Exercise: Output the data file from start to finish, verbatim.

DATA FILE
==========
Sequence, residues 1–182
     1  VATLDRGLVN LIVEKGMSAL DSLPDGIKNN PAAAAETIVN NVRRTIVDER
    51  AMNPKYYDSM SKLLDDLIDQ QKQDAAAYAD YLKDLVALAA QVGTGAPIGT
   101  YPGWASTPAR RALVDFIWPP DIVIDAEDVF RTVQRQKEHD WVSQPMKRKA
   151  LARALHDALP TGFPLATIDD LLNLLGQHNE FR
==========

Sequence, residues 1–182
     1  VATLDRGLVN LIVEKGMSAL DSLPDGIKNN PAAAAETIVN NVRRTIVDER
    51  AMNPKYYDSM SKLLDDLIDQ QKQDAAAYAD YLKDLVALAA QVGTGAPIGT
   101  YPGWASTPAR RALVDFIWPP DIVIDAEDVF RTVQRQKEHD WVSQPMKRKA
   151  LARALHDALP TGFPLATIDD LLNLLGQHNE FR